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Bicycle Balance

  1. Nov 5, 2009 #1

    I am just thinking: why it is hard to balanca a (2-wheel) bicycle when it is not moving, while it is easy balanced when it is moving?

    I hope that I am asking in the right forum.

    Thanks in advance
  2. jcsd
  3. Nov 5, 2009 #2
    It is a cruel trick played by God to make life difficult for cyclists
    Either that or it's the gyroscope effect but I think it's the first one :-)

    If you take your front wheel off the bike and hold it on the axle while somebody spins it for you you can actually feel the forces if you try and move the axle up or down at either side, it's actually really weird but quite good fun too
  4. Nov 5, 2009 #3


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    Gold Member

    In a way one can say that the process of riding a bicycle is a self-balancing process. Let me explain.

    The crucial factor is the geometry of the steering. A bicycle with a vertical steering column would be an awful ride, it needs that angle.

    The wikipedia article about
    http://en.wikipedia.org/wiki/Bicycle_and_motorcycle_geometry" [Broken] tells about the head angle, the rake and the trail.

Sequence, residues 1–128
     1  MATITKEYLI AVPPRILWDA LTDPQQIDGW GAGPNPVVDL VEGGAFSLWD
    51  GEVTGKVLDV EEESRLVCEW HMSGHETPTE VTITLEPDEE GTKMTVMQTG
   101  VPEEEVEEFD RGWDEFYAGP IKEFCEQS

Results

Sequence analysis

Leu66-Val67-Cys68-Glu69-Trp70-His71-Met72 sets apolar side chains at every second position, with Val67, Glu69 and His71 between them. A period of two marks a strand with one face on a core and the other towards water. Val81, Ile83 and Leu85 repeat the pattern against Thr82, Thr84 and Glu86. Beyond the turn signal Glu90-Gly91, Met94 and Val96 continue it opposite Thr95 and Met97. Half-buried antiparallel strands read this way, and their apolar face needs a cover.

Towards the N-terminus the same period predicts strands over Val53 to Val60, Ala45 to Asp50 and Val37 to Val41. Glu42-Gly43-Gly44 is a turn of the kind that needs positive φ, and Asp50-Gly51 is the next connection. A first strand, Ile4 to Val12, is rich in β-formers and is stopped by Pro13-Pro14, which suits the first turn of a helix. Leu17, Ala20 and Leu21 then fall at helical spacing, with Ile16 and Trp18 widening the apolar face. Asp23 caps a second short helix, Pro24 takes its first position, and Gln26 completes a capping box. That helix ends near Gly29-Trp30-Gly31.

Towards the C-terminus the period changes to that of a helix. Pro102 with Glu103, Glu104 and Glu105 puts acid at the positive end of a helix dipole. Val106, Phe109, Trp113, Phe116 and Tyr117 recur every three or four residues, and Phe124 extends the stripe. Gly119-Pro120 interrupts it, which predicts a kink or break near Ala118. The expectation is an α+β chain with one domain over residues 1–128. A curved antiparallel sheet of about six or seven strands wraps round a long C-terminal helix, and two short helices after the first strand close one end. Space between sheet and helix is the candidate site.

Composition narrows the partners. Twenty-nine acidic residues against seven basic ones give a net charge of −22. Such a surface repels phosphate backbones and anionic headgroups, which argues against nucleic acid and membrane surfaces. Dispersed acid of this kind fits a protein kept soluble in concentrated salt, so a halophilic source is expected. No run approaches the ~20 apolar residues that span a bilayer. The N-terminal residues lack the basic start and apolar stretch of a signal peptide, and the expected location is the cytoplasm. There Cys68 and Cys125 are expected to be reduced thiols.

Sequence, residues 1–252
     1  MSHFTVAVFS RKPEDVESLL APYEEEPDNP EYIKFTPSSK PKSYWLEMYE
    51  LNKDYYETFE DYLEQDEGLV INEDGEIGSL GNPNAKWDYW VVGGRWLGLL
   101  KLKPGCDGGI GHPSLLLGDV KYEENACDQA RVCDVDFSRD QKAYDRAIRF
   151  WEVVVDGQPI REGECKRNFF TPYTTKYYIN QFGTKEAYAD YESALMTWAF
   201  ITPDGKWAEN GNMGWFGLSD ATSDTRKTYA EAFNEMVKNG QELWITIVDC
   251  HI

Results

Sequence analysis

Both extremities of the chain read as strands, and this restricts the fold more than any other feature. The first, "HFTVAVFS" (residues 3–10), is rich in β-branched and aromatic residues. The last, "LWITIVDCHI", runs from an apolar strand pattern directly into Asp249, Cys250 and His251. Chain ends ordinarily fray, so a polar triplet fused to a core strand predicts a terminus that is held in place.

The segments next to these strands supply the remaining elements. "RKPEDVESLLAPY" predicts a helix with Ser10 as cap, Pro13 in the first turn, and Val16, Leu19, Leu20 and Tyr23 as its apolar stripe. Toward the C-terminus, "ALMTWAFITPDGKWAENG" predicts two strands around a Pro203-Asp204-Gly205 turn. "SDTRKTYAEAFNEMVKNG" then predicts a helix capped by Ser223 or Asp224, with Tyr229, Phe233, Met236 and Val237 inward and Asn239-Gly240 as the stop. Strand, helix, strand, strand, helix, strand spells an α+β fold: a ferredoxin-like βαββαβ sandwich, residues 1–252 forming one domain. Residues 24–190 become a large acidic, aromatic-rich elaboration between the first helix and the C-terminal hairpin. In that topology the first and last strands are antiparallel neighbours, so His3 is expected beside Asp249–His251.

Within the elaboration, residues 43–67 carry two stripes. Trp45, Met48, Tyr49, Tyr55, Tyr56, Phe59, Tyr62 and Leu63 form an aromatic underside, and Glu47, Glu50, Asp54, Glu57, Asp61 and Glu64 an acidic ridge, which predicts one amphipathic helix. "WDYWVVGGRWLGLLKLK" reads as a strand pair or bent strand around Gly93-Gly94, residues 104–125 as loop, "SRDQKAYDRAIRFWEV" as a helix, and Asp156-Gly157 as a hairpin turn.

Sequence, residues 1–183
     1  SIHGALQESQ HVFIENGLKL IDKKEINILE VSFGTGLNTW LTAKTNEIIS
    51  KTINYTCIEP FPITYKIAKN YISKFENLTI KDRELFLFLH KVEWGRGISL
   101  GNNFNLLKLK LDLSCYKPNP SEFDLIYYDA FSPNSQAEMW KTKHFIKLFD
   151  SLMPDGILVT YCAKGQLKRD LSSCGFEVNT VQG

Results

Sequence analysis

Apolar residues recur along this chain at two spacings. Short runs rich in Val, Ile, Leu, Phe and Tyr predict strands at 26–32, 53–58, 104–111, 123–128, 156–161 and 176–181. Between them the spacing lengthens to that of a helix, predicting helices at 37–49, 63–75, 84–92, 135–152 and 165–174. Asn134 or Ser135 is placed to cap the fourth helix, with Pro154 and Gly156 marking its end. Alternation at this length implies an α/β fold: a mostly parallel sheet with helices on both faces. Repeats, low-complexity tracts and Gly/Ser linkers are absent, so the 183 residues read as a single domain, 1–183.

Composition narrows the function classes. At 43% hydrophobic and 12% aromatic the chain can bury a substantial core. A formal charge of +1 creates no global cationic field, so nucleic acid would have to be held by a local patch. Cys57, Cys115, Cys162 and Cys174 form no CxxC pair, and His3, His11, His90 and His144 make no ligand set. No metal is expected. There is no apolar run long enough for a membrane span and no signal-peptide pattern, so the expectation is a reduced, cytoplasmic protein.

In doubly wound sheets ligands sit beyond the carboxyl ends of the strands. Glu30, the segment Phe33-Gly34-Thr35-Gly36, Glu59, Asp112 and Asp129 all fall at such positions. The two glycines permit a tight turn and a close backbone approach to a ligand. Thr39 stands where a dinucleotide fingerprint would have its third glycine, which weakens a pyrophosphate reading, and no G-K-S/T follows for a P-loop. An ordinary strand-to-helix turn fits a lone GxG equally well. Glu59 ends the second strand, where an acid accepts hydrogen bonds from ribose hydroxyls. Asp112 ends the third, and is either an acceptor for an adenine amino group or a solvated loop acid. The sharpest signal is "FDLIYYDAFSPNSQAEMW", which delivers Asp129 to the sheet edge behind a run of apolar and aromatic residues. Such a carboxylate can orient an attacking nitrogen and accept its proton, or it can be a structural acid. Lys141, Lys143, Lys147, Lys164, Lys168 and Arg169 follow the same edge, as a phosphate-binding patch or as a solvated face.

- First effect of the steering geometry: when the bicycle is not leaning the front wheel is pushed to alignment with the frame. (This effect is lacking in a frame with a vertical steering column.)
    - Second effect of the steering geometry: when the bicycle is leaning gravity pulls the front wheel to a slight angle with the frame - just a slight angle.

    So if you are on the move, and you begin to go into an accidental lean, the front wheel automatically turns towards that direction, and the bicycle rolls back underneath you. it happens automatically, all you need is allowing it to happen.
    Steering is almost not necessary; riding with no hands on the handlebars is very easy and straightforward (on a bicycle with a sufficiently stiff frame.)

    Many people come to a supposition that some gyroscopic stabilizing effect is at play. Now, the englishman David Jones has actually tested that hypothesis. He built himself a bicycle with a second wheel mounted alongside the front wheel, in such a way that at all times it is counterrotating. Because of that counterrotation the gyroscopic effects from the two wheels cancel each other. Jones found that the non-gyroscopic bicycle was just as stable to ride as the standard bicycle. That is strong evidence that gyroscopic effect is not important.

    Last edited by a moderator: May 4, 2017
  5. Dec 31, 2009 #4
    Yes, due to the extremely low mass of a bicycle front wheel (500-800gm), it imparts very little gyroscopic effect.

    The reason it's easier to balance at higher speeds is the self-correcting trail that forces a non-straight front-wheel back to dead-ahead. The faster you go, the more momentum you have with the bike+rider system to push the steering back to straight-ahead. Actually, it's the ground that pushes the front wheel back to centre.
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